A time comes in every revolution when the distinction between moral positions and tactical alternatives blurs, coalitions split, friends become antagonists. That time reveals the true nature of the “heroes” combatting “injustice.” Do we grant our former allies the right to make their own decisions and go their separate ways in peace or do we demand obedience, punish disagreement with death, and launch the revolution down the path to its own repressive immorality?
In his historical novel about Li Zicheng’s peasant rebellion that caused the collapse of the Ming dynasty, Yao Xueyin captures the moment of truth when a trusted general decides to split with Li after a disastrous defeat by Ming forces and desert the revolutionary movement. Li must decide whether to take revenge against his subordinate and former friend or allow him to leave in peace.
A loyal soldier charges up to the revolutionary forces’ military HQ, leaps off his horse, and demands at the top of his lungs that Li punish the dissident general:
“Charging King! [WM: Li’s Battle Name] Families have family rules; armies have military law. Considering that this guy Flag-Shaking Hao [WM: General Hao Yaoqi’s nickname], typically self-promoting and self-satisfied, is unwilling when he runs into trouble to support the group and quick to criticize, Charging King, your tolerance and forgiveness toward him have gone far enough. It is now obvious that he is rebelling and dragging others with their horses to run away; not to hinder him can in no way be considered by the whole army’s troops and officers to be a persuasive policy. Charging King, do not let Flag-Shaking Hao go!”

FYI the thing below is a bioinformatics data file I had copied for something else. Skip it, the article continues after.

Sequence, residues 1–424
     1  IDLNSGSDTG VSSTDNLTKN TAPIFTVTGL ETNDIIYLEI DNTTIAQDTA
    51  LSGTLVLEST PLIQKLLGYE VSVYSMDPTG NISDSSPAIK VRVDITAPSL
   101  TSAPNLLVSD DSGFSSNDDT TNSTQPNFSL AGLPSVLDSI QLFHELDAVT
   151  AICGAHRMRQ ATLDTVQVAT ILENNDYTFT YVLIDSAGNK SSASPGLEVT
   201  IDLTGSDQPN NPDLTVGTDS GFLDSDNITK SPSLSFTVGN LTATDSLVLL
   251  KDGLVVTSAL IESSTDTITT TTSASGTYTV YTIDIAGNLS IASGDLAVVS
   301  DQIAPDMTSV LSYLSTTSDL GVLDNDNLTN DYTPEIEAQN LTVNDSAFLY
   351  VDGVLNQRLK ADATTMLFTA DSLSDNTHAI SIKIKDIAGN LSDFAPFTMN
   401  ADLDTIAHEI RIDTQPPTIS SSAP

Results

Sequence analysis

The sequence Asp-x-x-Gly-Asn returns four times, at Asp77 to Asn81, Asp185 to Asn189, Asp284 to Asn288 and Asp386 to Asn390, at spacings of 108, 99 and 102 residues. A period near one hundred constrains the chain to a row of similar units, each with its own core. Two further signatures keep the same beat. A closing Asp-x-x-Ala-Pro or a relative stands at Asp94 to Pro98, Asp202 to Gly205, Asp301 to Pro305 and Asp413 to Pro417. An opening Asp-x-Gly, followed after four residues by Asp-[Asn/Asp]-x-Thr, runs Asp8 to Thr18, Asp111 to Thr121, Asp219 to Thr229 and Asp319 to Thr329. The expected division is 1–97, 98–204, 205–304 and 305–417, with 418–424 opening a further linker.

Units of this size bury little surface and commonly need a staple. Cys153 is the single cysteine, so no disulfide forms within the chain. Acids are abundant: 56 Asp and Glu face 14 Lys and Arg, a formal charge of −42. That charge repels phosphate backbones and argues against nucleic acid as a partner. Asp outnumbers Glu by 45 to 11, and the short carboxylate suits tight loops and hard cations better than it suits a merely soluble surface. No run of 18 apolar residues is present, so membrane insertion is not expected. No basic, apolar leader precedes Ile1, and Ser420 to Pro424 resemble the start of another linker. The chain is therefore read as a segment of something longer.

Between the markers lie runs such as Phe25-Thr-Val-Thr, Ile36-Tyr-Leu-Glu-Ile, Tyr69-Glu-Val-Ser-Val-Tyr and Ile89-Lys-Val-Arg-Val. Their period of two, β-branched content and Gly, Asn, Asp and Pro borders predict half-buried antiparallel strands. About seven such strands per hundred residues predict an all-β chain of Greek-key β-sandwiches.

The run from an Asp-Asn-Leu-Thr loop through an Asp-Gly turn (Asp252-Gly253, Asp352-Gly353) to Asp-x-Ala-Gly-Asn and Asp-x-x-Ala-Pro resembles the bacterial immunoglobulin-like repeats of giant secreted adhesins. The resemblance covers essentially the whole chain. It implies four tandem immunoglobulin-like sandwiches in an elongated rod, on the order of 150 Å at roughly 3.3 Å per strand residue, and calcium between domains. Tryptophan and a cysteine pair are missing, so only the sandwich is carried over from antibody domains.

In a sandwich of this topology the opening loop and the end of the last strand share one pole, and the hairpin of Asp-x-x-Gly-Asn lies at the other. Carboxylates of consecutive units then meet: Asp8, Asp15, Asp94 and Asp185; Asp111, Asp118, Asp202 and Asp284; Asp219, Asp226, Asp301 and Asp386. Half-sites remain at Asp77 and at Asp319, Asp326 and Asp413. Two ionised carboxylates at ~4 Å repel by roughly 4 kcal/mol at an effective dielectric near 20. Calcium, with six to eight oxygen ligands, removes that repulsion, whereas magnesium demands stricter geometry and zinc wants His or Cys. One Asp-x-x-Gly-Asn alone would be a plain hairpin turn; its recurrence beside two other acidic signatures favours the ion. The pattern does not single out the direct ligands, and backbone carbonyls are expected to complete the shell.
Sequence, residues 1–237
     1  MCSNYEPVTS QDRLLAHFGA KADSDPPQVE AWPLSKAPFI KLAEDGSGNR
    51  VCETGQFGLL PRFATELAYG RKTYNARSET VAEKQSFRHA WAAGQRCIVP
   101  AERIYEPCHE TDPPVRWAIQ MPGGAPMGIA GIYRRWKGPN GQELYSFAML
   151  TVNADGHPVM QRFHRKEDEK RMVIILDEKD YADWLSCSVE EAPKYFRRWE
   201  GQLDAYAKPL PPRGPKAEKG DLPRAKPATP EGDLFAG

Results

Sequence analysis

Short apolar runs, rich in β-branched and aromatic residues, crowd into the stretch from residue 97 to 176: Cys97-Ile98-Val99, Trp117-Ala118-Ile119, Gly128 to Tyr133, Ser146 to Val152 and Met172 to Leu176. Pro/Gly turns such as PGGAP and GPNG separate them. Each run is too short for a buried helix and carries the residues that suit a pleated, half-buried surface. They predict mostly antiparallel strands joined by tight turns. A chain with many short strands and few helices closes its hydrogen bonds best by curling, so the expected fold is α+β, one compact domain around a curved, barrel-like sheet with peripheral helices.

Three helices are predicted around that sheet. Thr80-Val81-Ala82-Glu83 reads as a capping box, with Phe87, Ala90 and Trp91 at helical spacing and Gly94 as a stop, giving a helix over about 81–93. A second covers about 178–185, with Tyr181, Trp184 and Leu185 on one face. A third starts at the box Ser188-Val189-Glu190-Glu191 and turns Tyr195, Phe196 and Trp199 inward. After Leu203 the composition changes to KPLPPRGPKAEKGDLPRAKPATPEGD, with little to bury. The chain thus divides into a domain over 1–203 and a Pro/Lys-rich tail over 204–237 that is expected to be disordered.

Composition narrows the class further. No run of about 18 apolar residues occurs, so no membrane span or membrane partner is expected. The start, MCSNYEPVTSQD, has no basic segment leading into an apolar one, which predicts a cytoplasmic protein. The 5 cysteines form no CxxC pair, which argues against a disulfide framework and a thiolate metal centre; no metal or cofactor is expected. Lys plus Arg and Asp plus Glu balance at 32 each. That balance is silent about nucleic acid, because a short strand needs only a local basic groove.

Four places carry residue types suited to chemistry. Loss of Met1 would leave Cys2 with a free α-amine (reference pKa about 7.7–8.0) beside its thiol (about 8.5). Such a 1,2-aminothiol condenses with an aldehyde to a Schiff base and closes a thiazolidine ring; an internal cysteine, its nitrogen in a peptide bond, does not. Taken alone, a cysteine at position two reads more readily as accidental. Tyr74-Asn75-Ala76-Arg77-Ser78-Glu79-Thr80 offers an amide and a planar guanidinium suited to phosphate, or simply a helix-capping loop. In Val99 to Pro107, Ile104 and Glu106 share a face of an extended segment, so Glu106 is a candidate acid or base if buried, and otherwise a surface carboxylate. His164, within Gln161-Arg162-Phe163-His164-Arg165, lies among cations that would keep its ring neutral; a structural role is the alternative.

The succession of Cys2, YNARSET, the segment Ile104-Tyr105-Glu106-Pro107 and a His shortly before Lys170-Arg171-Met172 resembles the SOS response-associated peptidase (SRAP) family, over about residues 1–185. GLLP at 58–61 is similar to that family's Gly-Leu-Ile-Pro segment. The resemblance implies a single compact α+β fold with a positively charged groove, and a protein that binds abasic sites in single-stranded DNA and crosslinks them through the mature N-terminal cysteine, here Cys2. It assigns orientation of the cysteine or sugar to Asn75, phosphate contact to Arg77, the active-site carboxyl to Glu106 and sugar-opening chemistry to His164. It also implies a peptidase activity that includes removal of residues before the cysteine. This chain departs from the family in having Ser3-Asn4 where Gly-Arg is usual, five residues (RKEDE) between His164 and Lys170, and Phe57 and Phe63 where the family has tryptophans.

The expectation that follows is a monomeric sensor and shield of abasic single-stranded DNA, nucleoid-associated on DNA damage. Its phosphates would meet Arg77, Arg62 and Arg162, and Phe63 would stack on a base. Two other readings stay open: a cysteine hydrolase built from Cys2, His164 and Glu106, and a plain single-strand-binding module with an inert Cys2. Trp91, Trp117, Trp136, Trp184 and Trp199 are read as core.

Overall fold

“Letting him go is unacceptable!” A multitude of voices repeated.
Emerging slowly from the door, Li quietly responds:
Flag-Shaking Hao was not originally one of our Old Unit Eight people; I cannot treat him the same as you. If we have now been defeated and life is difficult, even more we must intensify training and tighten security. Flag-Shaking Hao and his subordinate officers and men cannot endure and wish to depart, so let them go. I cannot talk to you in too much detail about this painful event; later, you will understand.
Zicheng’s expression and words were so sincere, so full of feeling that despite being only a few simple sentences delivered, moreover, in a low voice, they calmed by half everyone’s unquenchable anger. Despite still nursing a grievance, no one uttered a sound.
“We have all had a hard day,” Charging King said. “Those of you who are not on night duty go get some sleep. Come what may, tomorrow we will deal with it. Big-Cow Wang, don’t you want to take a break? Go ahead!”
And in the end, after Li had essentially destroyed the Ming but himself died and his rebellion had failed to seize power, the historical rebel general Flag-Shaking Hao rallied to the now-patriotic Ming cause of defending China against the invading Manchus, as Li Zicheng himself might well have done.